Half a croissant, on a plate, with a sign in front of it saying '50c'
h a l f b a k e r y
Ceci n'est pas une idée.

idea: add, search, annotate, link, view, overview, recent, by name, random

meta: news, help, about, links, report a problem

account: browse anonymously, or get an account and write.



Alcohol restricted driver's license

A new solution for DWI/DUI
(+1, -1)
  [vote for,

In the US when people are arrested for driving while under the influence of alcohol, the law restricts their right to drive. In America's car-based society this creates another set of problems, from people driving without a license or people losing their jobs.

Instead of restricting their right to drive, I propose restricting their right to drink. It would follow the same model as restricting dinking among those under 21 in the states.

People convicted of a DWI offense would be forbidden from purchasing or consuming alcohol for a set period of time. They would be issued a new driver's license which would clearly indicate their restriction (license printed porttrait instead of landscape, profile photo, big red stamp that says ALCOHOL RESTRICTED, etc). Anyone caught selling or providing alcohol to someone with that restriction would be in violation of the law. Further drunk driving would be zero-tolerance, a .02 on a breathalyzer would result in a second conviction (currently .08-.10).

This restriction could be in place for far longer than the driving restriction. And it really gets to the heart of the matter, which is a drinking problem, not a driving issue.

It wouldn't be perfect, no solution is, but it would be a pience of the puzzle.

grip, Aug 20 2004

Washingt Post Article http://www.washingt...2126-2004Jul24.html
[grip, Oct 04 2004, last modified Oct 05 2004]

You need ... http://img.photobuc.../mike28/licence.jpg
... something like this. [neelandan, Oct 04 2004, last modified Oct 05 2004]

Mary Likes http://www.419eater...ewtopic.php?t=16008
to drink and drive - and has a card to prove it. [neelandan, Oct 04 2004, last modified Oct 05 2004]


       So, what happens if you get pulled DUI with an ARL?
absterge, Aug 20 2004

       i never drank more in my life than when i was too young to buy alcohol, never once had trouble getting it. this would not solve anything.
xclamp, Aug 20 2004

       does this mean that everyone has to always show id, regardless of age?
adamosity, Aug 20 2004

       [adamosity] Yep, but in most places, they already do. I've been taling to bartenders in a few cities who are all feeling the heat about udnerage drinking and it doesn't matter anymore if someone looks 50 or 15, they need an ID to get in and get served.   

       [xclamp] Times are changing. Besides, do you think it's a good idea that you were able to buy booze underage?   

       [absterge] Stricter penalties, jail time, fines, etc. Same as what happens now if you get pulled over drinking and driving a 2nd (or 3rd or 10th) time.
grip, Aug 20 2004

       no i don't think it's a good thing. but we're debating the merits of your plan, not whether underage drinking is good. i'm just pointing out why it won't work, nothing personal.
xclamp, Aug 20 2004

       [xclamp] I didn't take it personally, but I should have phrased my question better. Do you think laws restricting underage drinking are not a good idea because of lax enforcement?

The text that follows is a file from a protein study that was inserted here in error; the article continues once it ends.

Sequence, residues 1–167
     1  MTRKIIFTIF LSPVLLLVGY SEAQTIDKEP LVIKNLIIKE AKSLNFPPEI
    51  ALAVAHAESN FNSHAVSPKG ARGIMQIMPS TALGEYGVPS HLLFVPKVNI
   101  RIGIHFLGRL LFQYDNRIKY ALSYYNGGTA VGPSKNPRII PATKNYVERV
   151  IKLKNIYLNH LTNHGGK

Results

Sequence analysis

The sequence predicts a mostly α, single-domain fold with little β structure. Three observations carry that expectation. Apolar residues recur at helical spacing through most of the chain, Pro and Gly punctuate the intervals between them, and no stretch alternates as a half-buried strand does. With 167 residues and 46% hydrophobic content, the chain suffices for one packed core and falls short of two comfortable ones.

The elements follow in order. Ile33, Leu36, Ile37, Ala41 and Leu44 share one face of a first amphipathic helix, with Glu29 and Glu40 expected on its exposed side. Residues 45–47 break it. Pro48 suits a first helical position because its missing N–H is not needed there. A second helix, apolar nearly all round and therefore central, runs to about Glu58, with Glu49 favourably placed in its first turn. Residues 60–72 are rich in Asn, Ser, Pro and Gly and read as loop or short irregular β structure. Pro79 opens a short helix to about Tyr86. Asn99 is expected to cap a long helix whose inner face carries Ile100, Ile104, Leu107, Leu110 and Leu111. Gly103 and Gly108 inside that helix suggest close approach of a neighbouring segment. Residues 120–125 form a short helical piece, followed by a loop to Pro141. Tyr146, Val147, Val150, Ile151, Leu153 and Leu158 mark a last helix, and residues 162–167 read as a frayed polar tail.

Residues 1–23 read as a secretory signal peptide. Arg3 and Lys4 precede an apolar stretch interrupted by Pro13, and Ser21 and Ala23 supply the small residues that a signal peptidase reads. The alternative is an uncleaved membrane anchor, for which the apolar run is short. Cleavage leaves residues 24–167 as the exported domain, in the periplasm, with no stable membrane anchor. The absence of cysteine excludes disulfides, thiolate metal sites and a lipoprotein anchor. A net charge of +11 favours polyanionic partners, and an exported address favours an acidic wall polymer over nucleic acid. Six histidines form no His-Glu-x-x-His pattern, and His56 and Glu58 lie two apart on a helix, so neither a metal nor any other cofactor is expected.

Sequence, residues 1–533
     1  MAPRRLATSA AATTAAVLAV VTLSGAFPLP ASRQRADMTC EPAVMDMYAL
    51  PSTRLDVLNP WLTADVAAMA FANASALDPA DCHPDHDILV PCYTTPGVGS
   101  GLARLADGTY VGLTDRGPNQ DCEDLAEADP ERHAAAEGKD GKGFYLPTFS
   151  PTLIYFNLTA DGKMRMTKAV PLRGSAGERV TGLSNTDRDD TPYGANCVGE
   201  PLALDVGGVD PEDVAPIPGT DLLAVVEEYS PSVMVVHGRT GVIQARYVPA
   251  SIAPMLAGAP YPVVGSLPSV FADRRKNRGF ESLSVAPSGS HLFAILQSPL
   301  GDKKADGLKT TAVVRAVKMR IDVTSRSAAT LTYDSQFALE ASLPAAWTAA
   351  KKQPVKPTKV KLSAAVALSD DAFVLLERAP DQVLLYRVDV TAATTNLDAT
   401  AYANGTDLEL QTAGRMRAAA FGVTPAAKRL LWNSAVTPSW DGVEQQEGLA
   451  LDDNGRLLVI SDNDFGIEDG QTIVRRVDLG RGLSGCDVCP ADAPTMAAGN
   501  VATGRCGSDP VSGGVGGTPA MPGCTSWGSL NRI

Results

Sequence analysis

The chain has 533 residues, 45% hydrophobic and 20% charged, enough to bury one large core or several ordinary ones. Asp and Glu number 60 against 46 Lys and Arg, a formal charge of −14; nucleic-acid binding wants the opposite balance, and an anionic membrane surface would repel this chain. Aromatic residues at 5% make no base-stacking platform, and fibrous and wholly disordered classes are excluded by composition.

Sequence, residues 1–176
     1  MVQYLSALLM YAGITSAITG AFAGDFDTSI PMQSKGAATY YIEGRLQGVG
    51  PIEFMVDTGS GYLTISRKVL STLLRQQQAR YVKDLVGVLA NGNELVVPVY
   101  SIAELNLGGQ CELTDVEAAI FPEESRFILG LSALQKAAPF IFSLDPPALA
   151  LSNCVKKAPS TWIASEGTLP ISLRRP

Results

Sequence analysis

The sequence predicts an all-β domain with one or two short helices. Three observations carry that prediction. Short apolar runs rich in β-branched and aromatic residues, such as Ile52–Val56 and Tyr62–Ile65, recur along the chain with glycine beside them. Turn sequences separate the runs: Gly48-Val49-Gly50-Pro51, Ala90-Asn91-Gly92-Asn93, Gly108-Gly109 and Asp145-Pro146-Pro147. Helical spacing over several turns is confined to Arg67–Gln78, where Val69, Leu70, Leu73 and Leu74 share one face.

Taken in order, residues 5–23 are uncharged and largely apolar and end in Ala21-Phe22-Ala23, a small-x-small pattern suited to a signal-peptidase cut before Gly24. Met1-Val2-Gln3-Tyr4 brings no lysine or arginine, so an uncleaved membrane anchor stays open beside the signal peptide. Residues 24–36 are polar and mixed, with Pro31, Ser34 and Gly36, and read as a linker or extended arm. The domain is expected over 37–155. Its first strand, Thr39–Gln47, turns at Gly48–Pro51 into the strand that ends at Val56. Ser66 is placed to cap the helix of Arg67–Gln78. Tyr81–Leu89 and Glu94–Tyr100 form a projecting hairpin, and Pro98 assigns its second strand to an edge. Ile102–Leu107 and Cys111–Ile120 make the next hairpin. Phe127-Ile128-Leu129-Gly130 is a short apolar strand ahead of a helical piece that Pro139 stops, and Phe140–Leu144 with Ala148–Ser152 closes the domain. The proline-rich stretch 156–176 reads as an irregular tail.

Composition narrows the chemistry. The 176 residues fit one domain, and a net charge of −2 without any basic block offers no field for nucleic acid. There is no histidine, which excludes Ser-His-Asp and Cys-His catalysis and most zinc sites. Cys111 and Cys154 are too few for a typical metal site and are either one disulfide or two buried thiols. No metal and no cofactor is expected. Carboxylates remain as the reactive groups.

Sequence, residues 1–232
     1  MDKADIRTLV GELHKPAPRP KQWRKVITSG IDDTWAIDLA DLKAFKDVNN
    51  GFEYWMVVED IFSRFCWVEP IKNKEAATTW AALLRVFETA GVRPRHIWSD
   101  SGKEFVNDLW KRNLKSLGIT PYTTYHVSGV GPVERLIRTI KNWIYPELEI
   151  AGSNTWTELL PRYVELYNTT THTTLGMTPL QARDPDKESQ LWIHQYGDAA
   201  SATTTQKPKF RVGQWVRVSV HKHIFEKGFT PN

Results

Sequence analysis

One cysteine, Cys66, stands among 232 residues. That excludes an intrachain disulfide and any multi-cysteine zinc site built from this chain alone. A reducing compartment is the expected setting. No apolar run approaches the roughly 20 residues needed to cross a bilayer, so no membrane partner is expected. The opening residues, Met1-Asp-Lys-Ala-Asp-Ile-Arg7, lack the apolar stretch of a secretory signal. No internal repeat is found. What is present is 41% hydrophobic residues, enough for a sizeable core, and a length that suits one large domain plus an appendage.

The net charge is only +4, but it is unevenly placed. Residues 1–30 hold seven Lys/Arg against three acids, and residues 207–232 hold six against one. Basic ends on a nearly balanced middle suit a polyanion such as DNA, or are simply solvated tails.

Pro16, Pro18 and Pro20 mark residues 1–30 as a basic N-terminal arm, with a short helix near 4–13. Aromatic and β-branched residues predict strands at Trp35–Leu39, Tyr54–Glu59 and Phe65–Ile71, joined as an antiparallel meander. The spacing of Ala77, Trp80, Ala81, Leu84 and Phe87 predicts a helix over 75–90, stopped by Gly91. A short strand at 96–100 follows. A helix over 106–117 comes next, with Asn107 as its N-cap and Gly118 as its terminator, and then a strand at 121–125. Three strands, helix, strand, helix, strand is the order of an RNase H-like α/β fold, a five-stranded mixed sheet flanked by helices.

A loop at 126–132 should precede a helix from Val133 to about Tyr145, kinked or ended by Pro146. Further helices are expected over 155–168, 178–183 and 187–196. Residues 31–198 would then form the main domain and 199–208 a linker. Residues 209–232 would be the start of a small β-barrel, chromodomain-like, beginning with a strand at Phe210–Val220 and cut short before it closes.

Besides, I'm 10 years into my legal drinking life and I've recently been turned away at bars for not having ID, so my experiences with enforcement are different than yours.   

       And during the time of this thread, I was at a Chicago airport where I saw to men, both obviously born before WWII get carded. They thought the bartender was joking. She wasn't.
grip, Aug 20 2004

       i see what you mean, but i never had trouble finding an adult to buy alcohol for me. they legally bought it, then illegally gave it to me. same with cigarettes. i think they should just make jail time mandatory with zero tolerance.
xclamp, Aug 20 2004

       You could use both systems at once.
harderthanjesus, Aug 21 2004

       [grip], it's easy to make your own alcoholic beverages. I don't think this would prevent your offender from drinking......
normzone, Aug 21 2004

       Hey wifey, could you pick up a 6-pack on the way home?
destructionism, Aug 22 2004

       Here in Canada there is a better solution.Anyone convicted of DUI has their vehicle fitted with a device they must blow in to before their vehicle will start. If they are over the limit, the vehicle wo'nt start.Can be defeated by a sober person blowing for them.But who want's to take the risk?
python, Aug 22 2004

       As far as not stopping people from drinking because they'll brew their own beer, ask people to shop for them,etc...well, I got to say ultimately no law will stop someone from doing what they want, but smart laws can help.   

       If you buy a beer for some lass who looks 25 but is really sixteen, you can get in trouble. Why shouldn't you be held responsible for buying alcohol for someone who legally is forbidden to drink?
grip, Aug 22 2004

       [python] I'm impressed. I'd heard such devices proposed but didn't know they are in operation. Well done Canada.
stilgar, Aug 22 2004

       I like this. It probably won't work, but the idea of restricting drink-drivers' drinking instead of their driving makes a lot of sense. People need to drive, people don't need to drink (even if they do, they could at least wait until they get home). Bun for the plan, but if anyone could think of a way to enforce this, they should post it, I reckon that'll be bunned a lot more than this one has been.
wagster, Aug 23 2004

       Oh, right. Canada's half way there, and baked too. And Canada does it again 6.0 6.0 6.0 6.0 6.0 perfect!